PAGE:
The Biden Administration declassified an intelligence finding on Tuesday that Russia’s F.S.B., one of its leading intelligence agencies, orchestrated the poisoning of Aleksei A. Navalny, and announced its first sanctions against the Russian government for the attack and the imprisonment of the opposition politician.
The sanctions closely mirrored a series of actions that European nations and Britain took last October and expanded on Monday. Senior administration officials said it was part of an effort to show unity in the new administration’s first confrontations with the government of President Vladimir V. Putin of Russia.
But none of the sanctions were specifically directed at Mr. Putin, or the country’s intelligence chiefs or the oligarchs that support the Russian leader.
The actions were notable, though, because they are the first Mr. Biden has taken in five weeks since he became president. While most past presidents have come into office declaring they would seek a reset of relations with Russia, Mr. Biden has done the opposite — warning that Mr. Putin is driving his country back into an era of authoritarianism, and promising to push back on violations of human rights and efforts to destabilize Europe.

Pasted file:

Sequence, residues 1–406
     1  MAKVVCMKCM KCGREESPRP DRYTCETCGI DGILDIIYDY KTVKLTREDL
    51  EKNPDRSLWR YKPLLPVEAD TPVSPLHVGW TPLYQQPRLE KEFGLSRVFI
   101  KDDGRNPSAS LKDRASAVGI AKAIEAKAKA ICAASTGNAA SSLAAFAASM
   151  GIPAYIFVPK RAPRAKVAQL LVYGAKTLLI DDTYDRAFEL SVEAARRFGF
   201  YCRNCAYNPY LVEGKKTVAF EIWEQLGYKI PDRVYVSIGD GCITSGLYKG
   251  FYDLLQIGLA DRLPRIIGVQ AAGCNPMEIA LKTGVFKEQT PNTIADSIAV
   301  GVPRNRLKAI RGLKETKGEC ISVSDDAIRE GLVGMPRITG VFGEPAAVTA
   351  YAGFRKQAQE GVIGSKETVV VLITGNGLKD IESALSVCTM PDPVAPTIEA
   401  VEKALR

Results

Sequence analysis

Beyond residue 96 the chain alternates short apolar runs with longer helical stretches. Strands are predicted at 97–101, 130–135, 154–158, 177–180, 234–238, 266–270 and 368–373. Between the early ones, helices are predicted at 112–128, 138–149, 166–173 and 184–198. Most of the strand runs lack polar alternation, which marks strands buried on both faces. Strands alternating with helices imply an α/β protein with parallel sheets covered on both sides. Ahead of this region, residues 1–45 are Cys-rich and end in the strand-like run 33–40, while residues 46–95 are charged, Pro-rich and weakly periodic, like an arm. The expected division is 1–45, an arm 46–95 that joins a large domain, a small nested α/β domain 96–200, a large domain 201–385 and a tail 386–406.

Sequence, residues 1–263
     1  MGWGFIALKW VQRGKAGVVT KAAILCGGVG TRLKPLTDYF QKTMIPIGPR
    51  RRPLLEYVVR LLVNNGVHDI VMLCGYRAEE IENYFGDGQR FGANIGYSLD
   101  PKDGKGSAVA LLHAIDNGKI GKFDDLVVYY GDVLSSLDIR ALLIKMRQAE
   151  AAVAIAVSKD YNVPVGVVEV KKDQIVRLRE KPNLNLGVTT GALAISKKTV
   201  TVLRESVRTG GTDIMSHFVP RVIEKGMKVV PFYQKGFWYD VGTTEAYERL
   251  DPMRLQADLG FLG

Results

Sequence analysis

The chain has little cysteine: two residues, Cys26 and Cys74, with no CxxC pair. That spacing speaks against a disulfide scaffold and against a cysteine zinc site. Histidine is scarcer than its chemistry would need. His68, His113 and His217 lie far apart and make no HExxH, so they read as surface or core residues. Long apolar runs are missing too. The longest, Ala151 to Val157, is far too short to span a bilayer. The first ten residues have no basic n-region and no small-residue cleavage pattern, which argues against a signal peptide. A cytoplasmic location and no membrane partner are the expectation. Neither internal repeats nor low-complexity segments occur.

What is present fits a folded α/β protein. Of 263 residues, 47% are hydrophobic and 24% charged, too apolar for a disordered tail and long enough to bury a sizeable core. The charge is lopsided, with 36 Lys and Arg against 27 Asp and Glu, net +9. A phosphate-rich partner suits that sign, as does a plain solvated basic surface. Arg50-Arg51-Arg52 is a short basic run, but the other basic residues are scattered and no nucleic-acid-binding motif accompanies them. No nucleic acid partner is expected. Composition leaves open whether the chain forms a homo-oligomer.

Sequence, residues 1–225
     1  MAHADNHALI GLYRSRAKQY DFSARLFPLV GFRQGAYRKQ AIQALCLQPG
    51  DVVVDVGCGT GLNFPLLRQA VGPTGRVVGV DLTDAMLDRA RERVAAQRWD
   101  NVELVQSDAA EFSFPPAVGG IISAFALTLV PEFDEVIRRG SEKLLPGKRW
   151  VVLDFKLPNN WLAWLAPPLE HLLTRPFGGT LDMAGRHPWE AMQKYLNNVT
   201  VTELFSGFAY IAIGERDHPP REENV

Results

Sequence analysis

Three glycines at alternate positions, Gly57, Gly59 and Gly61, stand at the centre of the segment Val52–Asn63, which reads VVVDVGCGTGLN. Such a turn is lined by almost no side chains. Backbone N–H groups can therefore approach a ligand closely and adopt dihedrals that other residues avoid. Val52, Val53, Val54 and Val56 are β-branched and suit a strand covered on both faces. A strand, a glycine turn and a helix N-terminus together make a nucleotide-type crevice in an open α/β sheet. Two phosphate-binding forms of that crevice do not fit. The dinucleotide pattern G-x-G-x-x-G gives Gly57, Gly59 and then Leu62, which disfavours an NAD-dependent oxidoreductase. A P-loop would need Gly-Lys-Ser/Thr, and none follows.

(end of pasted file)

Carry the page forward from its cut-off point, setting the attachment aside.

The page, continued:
One official told reporters on Tuesday morning that the administration was not seeking to reset relations, but also was not seeking to escalate confrontations.
History suggests the sanctions may have little effect.
In 2018 the Trump administration announced sanctions against Russia for the use of a nerve agent against a former Russian double agent living in Britain, Sergei Skripal, and his daughter Yulia, and expelled dozens of Russian diplomats. But that proved little deterrent to the F.S.B. using the same technique against Mr. Navalny.
White House officials are expected to announce the sanctions later on Tuesday, and the Treasury Department will publish a list of the names of those under sanctions.
But a senior official conceded that the action was, in many ways, catching up to designations that the Europeans have already made. The official said the main effort was to assure that the U.S. and Europe were “on the same page” after several months in which European sanctions went beyond any imposed by Washington.
The European Union on Monday approved the imposition of sanctions on four senior Russian officials considered responsible for the prosecution and imprisonment of Mr. Navalny.
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